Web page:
• must be manually watered
  • Some wasted space under plants when they grow
  • Could get cramped if too many plants are being grown at the same time

Step 3: Finalizing the Design

Due to the amount of time required by my full time class schedule, I was only able to work on this as a side project, and due to this many of the parts stayed in detailed hand-drawing format until this stage. Over the course of the semester the design was being constantly revised. An overview of each sub assembly can be seen below, with corresponding figures in the image bar.

The whole assembly can be seen in figure one. Pictured are the two drawers, each with a label stating which tray numbers are in the drawer. This tray/slide number idea is not seen in the final cad, but would be implemented via label stickers if the trays/slides were switched between drawers. If not, the labeling could be accomplished via etching or some other permanent method. In these sketches, a notebook is pictured on the front of the drawer. These notebooks are for marking down which plant is in each drawer/ slide and writing down watering schedules or other information that would be useful. This notebook is also not pictured in the CAD assembly as I figured it could be kept somewhere digital or on some other document as the pages might flow around in the microgravity if they were only secured as seen in the drawing, an elastic strap or rigid paper could fix this issue though.

Figure two shows a more detailed drawing of the drawers, containing angles that could be easily missed in figure one, such as the side drawer rails, the power rails for the slides, and the place holder port on the back that allows for power for the LEDs.

The third figure contains the frame, which is probably the part that changes the most from paper concept to 3D concept design, although the main operation behind it has stayed largely the same. Instead of the drawers being on wheels as seen (faintly) drawn into the picture, they are on rails in the 3D file. Also, the frame encloses the top and sides of the drawers in the 3D design.

Figure four contains the slides/ plant trays. These slides as drawn in the figure can hold four plants. The plants are secured into the slides via silicone packets that fit around a triangular version of the current plant envelope as used in the VEGGIE system. The LEDs are powered via female power-strip rails that connect to the male rail inside of the drawer. The slides are designed to be moved as needed to ensure enough room for different plant species. The slides are also able to be taken apart, removing the LED portion from the plant portion. This allows for the maximum efficiency of the space by placing one plant half at the very front edge of the drawer and the other LED half at the back if the drawer. In the preliminary design as pictured above, each drawer was assumed to hold three slides; two in the middle of the drawer and one split with the plant half on the front inner side of the drawer and the LED half on the back side of the drawer. With this set up, the system should be able to grow 24 plants. In the current design of the slides, each slide is pictured with eight silicone packets, while each drawer has three slides, allowing for 48 plants to be grown.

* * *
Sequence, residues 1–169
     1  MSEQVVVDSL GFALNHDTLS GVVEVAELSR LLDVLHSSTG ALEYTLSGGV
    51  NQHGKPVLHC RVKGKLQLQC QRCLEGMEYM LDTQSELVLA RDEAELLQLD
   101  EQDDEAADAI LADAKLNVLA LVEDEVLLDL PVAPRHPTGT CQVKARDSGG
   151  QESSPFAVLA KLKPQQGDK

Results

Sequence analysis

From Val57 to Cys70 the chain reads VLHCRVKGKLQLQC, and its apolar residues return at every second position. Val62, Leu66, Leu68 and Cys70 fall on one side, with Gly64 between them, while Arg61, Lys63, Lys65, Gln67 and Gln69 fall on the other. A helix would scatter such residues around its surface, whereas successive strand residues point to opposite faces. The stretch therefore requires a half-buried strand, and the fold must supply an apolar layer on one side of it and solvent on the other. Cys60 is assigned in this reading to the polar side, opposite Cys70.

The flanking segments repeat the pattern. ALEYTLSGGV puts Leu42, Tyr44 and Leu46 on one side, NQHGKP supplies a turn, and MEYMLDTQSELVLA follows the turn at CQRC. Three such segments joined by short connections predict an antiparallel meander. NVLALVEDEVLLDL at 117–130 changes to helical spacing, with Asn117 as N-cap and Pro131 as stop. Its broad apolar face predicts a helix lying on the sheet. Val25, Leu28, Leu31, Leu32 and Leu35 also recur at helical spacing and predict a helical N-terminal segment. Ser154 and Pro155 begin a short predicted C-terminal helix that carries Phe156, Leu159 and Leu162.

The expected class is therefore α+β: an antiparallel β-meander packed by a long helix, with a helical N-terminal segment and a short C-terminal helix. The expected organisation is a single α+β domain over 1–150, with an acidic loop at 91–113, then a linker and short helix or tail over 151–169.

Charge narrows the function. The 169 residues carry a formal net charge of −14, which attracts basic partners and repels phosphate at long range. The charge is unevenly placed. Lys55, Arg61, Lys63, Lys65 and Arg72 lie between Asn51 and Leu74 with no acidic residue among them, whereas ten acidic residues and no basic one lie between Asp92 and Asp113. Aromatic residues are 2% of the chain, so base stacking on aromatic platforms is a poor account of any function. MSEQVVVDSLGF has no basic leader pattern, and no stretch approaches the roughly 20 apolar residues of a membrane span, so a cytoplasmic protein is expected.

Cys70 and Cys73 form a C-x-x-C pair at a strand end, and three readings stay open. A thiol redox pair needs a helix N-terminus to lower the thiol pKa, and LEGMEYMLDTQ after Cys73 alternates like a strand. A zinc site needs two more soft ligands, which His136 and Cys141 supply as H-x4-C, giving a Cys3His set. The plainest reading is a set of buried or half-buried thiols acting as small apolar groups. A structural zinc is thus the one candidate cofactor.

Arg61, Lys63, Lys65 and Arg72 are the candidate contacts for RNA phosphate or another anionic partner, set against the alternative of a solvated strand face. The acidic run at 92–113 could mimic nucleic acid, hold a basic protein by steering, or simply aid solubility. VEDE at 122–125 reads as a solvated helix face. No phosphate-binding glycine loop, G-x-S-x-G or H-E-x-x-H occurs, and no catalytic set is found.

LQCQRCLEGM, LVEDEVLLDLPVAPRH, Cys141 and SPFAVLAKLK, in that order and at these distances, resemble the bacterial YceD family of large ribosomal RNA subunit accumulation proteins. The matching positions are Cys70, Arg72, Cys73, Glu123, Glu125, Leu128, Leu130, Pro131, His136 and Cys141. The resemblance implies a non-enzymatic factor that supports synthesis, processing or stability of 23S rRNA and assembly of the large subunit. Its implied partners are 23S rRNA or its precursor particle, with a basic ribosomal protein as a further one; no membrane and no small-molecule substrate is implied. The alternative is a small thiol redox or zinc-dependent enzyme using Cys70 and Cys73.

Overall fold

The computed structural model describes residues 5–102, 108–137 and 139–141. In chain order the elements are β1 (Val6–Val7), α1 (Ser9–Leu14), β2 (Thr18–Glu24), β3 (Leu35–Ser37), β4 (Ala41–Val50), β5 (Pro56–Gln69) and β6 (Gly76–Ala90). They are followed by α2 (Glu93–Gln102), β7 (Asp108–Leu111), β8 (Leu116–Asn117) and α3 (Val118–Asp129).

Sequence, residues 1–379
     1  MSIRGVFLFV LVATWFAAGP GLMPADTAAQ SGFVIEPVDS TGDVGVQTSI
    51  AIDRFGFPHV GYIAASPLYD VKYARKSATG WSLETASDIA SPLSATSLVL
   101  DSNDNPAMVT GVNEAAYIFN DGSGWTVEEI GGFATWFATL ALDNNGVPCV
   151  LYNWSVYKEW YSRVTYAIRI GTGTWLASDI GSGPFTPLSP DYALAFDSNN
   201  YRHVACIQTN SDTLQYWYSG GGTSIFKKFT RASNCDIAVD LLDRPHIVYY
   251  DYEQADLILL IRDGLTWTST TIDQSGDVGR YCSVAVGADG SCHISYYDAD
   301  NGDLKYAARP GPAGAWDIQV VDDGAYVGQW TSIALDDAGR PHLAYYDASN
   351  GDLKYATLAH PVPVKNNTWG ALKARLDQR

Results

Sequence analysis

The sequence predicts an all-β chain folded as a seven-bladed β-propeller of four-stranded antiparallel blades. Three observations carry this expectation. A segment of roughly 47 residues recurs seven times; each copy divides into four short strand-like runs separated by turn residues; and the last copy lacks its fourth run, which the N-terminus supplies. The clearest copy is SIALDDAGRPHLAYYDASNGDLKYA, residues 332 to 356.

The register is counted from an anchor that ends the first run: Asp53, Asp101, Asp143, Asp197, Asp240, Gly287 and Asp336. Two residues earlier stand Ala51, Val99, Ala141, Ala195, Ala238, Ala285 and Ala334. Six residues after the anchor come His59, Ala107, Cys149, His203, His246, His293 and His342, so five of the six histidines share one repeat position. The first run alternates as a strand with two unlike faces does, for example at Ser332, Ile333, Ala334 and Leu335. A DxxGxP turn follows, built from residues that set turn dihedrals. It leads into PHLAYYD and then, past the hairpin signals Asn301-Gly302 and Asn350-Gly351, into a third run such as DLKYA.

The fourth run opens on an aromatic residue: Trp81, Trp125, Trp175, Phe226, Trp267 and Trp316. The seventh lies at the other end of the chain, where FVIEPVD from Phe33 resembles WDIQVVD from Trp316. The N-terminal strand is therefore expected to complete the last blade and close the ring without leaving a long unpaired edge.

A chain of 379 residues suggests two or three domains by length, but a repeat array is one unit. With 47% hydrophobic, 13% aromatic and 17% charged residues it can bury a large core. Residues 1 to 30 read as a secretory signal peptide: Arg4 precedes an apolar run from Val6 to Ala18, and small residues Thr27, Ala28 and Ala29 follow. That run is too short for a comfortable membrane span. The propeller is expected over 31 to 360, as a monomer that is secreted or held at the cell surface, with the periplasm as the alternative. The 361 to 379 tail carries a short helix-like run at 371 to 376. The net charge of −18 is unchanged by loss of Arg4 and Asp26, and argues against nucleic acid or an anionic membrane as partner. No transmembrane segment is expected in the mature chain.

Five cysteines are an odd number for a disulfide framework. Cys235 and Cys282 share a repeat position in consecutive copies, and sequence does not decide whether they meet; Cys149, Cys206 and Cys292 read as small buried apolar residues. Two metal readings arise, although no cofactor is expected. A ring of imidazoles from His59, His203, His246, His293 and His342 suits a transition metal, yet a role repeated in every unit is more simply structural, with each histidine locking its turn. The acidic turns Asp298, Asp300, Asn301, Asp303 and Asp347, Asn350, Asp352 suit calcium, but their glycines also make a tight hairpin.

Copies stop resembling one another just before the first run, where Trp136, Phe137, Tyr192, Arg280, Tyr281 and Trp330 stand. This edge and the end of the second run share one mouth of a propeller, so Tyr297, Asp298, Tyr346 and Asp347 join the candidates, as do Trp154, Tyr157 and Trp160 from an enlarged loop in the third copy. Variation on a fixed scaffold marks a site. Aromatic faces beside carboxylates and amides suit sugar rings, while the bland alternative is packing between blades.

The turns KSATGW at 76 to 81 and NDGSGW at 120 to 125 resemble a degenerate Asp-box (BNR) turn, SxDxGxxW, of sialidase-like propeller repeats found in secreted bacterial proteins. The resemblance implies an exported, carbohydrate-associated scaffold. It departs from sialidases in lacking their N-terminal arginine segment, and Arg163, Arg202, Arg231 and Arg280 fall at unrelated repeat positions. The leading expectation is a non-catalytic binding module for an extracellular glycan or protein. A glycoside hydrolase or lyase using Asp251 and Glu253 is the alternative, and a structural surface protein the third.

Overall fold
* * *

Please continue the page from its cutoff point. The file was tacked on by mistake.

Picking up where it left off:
Step 4: 3D Modeling/ Comments About Testing

For the most part, the function and design of each piece stayed the same during the transfer from isometric hand drawing to 3D model.

For simplicity and to allow for some more freedom with the electronics, the LEDs are modeled as a flat, translucent, magenta plastic. The plants have also been left out of the 3D model so that all parts of the box may be seen.


The design still consists of two drawers containing slides mounted on a frame. The major changes here are in the frame and the number of pockets per slide. For the frame, a cover was added and more supporting ribs were added. The method of the drawers sliding in and out was also changed from wheels to a slot, as mentioned in the previous section.


The slides did not change much compared to the original design, however the pockets were divided in half to allow for more plants. This can be easily changed and interchangeable slides can be made for different plant space needs. For instance, if one plant was more prone to having a larger root structure than a different plant, a slide allowing for more room could easily be switched out in place of the more dense ones. The slides contain a positive contact on one side in the slot and a negative on the other. This was omitted from the model along with the other electronics. In the model, the slides are made of two different parts, not including the pouches. These parts are the front tray that holds the plant pouches and the back LED panel stand in. These have holes that allow them to connect to the front and back insides of the drawers, and when put together they form a slot that allows them to slide into place in the drawer on the would be power rails.


The 3D design of the drawers has 6 possible locations for each slide, allowing the plants to be positioned as needed or slides to be added/removed depending on plant size. Unlike the drawing, the 3D model has a different handle to minimize required thickness of the material. Other than the number of slides and the different handle, the designs are practically the same.

Multiple views of each part has been included in order to let the reader get an idea of the design.

Unfortunately due to time constraints (and gravity), no actual testing of this specific unit was able to be done, although cardboard models and separate plants have been grown to test growth mediums.

Growing Beyond Earth Maker Contest

Second Prize in the
Growing Beyond Earth Maker Contest